January 30, 2007

Spiritual intimacy, Part III
Corporate practice

I remain perplexed and frustrated by the difficulty I have with articulating my yearning for Friends to reclaim or understand the corporate nature of our faith. I laugh at myself sometimes, though, (1) because it isn't up to me to have our corporate practices revitalized; and (2) because I think I have seen clear examples of moving together as a body in the most unexpected places, like television reality shows.

Take the television show The Biggest Loser, for example. One of the episodes had the remaining contestants do a mini-triathalon of swimming, biking, and running. If I remember correctly, they were no longer in teams at this point of the show; they were competing individually.

During the swimming, one of the men just couldn't keep up and in fact seemed to be struggling. The other women and men were pretty far along in the swimming portion of the challenge, but one of the contestants called out to the group and suggested to them that they swim back to the struggling swimmer. They ended up all finishing the swimming portion together; no one had balked at the idea of being slowed down by their fellow contestant (unless of course it was edited out!); and the group all began the second leg of the triathalon together, too.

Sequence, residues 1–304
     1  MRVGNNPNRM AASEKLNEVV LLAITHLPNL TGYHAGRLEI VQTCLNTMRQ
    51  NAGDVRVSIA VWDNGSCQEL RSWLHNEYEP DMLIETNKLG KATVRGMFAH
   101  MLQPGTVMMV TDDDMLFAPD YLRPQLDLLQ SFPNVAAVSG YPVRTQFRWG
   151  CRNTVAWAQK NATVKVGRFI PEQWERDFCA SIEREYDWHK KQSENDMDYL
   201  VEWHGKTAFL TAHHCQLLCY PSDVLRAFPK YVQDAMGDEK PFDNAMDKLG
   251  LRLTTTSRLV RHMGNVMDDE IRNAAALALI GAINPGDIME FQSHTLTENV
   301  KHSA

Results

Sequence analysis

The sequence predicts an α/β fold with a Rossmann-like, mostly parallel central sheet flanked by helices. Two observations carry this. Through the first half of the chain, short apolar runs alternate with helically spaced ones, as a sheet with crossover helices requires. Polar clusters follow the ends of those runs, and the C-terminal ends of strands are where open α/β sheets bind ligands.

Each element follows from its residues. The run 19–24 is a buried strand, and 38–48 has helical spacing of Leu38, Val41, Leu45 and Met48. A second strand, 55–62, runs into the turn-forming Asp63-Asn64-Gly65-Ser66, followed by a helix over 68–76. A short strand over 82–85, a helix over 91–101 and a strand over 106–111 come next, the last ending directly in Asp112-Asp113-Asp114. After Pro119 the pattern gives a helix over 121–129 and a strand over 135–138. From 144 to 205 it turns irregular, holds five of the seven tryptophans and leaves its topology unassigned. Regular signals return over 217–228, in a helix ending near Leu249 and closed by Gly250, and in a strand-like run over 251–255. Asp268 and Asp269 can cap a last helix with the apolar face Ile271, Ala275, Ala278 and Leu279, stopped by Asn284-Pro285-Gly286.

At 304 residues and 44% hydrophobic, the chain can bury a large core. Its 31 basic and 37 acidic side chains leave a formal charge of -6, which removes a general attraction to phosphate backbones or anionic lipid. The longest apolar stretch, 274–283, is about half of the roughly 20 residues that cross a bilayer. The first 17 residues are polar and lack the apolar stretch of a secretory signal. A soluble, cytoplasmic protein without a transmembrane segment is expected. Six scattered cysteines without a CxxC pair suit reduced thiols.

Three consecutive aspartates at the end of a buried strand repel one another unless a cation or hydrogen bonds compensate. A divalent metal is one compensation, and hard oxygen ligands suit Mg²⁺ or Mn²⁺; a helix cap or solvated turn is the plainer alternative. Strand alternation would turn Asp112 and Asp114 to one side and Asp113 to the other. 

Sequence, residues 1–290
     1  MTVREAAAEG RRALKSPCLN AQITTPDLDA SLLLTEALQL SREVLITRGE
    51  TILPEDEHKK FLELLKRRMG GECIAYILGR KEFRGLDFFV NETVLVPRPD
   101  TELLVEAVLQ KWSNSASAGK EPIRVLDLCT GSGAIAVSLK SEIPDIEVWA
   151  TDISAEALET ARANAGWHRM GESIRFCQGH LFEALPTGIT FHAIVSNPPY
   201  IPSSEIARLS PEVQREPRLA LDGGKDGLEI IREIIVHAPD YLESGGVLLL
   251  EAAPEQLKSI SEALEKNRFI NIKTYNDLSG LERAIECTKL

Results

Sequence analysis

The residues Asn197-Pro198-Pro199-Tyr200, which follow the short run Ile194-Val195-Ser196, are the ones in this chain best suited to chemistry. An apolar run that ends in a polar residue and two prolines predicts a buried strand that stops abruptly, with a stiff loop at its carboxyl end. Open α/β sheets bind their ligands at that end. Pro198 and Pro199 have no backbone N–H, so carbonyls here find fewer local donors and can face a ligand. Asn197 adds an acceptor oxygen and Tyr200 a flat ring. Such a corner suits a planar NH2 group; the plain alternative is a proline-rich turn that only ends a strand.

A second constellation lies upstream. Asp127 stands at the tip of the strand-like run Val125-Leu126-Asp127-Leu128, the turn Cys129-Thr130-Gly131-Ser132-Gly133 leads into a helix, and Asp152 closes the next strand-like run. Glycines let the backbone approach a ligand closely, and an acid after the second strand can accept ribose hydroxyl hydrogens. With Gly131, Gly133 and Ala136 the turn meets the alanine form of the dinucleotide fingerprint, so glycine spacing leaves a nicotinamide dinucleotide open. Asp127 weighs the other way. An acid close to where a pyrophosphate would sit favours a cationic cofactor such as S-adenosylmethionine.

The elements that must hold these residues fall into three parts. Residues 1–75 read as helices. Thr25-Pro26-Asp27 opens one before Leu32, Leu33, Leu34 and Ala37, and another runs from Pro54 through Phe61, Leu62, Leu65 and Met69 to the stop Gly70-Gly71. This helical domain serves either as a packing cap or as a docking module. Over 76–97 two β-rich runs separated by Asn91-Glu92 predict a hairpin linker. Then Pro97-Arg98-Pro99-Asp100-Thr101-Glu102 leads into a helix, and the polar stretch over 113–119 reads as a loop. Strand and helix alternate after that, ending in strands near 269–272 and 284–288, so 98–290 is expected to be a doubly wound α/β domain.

The corporate nature of our faith is something like that, moving together as a group, in synch with the Spirit and with each other, as to how fast to move, what direction to head, and how to get the finish line--together. Sometimes it means waiting on a single Friend who seems to be struggling and who clearly wants to be connected with and bound to the movement of the group. Sometimes it means we must labor with that Friend until at least he or she is clear that the work of the Spirit is somehow being impeded, and so he or she must yield and, as we say, "stand aside."

When we engage in corporate discernment, when we take the time to welcome a new committee member and bring that Friend up to speed, or when we involve even the youngest community member in our meetinghouse clean-up days, we are extending an opportunity for growing and moving together. We are demonstrating a bit of spiritual hospitality that, when our own time of struggle comes, might be extended to us.

It is not only a case of "Let us try what Love can do."

It is also a case of Let Love try us.


Spiritual intimacy, the original post in the series
Spiritual intimacy, part II
The slippery nature of our corporate faith

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